Several renowned African Americans got their due as Youth Pride Center (YPC) —an organization geared towards helping LGBTQ Black youth—held its 2009 Living Legends Black History Gala February 26 at the Hyde Park Neighborhood Club, 5480 S. Kenwood.
This year, the group’s six honorees included DJ Frankie Knuckles and Affinity Community Services. YPC Founder Frank Walker was unable to attend because of recent heart surgery. Walker is on the mend, but his illness meant that youth members of the organization had to put the program together on their own. Interspersed with dedications to honorees were performances by several youth and a soul-food dinner. Tony Taylor read poetry; Randall Walker and Dejon Smith entertained with a Billie Holliday medley and Anshae Lorenzen performed a dance number.
Knuckles, an internationally known and openly gay DJ, was clearly impressed with YPC. He said that the youth reminded him of what it was like to grow up in New York, in the arts: “I don’t think I turned out badly,” he said with a smile, “But I wonder what it would have been like to have something like this when I was their age.” He commented on “how focused and how clear-minded they are about what they have and what they try to do. In this day and age, when there’s so much ugliness, it’s a small oasis but it’s a great one.”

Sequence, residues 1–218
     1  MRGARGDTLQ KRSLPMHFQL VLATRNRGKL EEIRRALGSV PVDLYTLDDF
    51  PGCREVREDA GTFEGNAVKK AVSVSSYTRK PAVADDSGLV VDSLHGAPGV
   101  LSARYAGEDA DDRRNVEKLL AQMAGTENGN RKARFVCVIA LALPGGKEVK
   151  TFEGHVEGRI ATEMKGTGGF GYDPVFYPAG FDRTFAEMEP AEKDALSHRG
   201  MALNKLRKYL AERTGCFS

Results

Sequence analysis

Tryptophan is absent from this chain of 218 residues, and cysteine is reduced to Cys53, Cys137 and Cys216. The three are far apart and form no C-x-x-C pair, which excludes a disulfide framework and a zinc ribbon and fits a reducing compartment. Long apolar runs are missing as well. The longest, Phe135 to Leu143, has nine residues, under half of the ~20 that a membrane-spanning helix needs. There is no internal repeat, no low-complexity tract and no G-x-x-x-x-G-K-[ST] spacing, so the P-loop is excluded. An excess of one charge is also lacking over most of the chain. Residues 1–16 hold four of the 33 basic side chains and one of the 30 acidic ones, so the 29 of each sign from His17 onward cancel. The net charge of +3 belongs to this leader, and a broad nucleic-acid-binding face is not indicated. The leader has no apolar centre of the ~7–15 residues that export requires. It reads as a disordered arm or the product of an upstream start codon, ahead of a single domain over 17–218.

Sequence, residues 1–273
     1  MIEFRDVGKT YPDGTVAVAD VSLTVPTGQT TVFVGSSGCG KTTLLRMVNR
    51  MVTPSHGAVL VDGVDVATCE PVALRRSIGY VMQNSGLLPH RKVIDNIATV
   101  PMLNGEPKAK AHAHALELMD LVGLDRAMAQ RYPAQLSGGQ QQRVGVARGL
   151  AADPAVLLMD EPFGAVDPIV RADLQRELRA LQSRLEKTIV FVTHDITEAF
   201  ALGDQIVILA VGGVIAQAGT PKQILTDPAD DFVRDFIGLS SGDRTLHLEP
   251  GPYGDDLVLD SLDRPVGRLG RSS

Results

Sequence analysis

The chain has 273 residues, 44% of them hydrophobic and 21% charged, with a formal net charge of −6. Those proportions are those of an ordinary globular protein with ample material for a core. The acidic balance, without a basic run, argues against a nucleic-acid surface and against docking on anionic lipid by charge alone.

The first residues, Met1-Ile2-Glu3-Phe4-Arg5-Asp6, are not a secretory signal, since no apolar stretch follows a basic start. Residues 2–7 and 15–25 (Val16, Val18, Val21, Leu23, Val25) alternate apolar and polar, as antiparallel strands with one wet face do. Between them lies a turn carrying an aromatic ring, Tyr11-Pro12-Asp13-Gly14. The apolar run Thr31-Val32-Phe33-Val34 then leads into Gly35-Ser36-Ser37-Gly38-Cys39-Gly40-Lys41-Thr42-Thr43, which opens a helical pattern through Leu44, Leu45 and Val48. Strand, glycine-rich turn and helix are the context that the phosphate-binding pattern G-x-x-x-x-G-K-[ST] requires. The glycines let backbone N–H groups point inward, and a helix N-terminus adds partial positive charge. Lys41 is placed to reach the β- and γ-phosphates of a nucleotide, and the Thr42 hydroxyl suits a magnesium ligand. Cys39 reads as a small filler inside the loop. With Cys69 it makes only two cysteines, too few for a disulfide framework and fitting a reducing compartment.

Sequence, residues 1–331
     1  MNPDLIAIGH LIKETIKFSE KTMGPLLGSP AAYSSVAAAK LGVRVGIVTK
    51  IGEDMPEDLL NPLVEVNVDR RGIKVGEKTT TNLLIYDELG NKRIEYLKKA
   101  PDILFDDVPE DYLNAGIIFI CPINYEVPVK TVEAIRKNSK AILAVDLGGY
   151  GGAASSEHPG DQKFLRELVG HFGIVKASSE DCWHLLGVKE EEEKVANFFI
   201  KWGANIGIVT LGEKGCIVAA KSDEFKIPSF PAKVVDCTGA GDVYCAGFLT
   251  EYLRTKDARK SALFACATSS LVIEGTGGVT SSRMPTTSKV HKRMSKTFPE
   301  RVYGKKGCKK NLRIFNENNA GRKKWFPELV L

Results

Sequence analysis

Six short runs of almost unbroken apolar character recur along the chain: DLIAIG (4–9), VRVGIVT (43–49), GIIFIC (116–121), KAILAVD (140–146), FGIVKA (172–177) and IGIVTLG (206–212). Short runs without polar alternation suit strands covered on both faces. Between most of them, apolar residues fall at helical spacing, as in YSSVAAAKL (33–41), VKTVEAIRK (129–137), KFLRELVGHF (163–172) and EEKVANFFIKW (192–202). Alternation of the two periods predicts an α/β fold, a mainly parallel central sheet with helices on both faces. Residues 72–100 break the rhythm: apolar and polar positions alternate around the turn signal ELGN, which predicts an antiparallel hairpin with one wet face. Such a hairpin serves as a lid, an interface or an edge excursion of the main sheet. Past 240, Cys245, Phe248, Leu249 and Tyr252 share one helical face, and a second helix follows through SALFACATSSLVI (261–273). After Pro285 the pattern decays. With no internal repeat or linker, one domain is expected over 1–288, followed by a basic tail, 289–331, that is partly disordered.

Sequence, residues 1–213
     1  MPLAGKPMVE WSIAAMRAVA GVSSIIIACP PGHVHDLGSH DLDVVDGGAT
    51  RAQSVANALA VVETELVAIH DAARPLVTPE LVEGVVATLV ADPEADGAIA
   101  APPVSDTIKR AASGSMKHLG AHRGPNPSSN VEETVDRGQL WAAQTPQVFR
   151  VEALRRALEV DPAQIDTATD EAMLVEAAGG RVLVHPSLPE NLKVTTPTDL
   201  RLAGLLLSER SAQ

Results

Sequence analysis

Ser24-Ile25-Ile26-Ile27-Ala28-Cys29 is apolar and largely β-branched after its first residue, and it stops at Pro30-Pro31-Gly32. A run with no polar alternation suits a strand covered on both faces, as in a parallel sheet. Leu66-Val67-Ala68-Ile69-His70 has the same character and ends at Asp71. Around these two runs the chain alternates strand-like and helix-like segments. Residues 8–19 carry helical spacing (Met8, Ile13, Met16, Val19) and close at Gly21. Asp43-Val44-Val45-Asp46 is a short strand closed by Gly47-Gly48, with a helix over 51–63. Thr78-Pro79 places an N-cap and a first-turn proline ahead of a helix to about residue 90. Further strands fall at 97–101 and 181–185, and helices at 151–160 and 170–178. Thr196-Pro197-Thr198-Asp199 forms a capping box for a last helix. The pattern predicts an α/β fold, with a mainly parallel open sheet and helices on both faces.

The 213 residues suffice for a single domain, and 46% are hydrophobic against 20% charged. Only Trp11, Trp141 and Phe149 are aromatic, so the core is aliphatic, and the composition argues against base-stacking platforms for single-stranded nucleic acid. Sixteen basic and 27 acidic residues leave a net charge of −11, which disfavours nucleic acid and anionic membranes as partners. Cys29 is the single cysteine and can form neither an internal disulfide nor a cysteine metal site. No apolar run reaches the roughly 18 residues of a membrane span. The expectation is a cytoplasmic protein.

Kelly Saulsberry, a board member of Affinity, was also there to receive the award, along with fellow board member Linda Doss. She said that besides being “honored to be honored,” she was also impressed by the “incredible talent they exhibited, as well as their passion. The fact that they pulled off the event by themselves speaks to their leadership skills and how they take ownership of the organization.”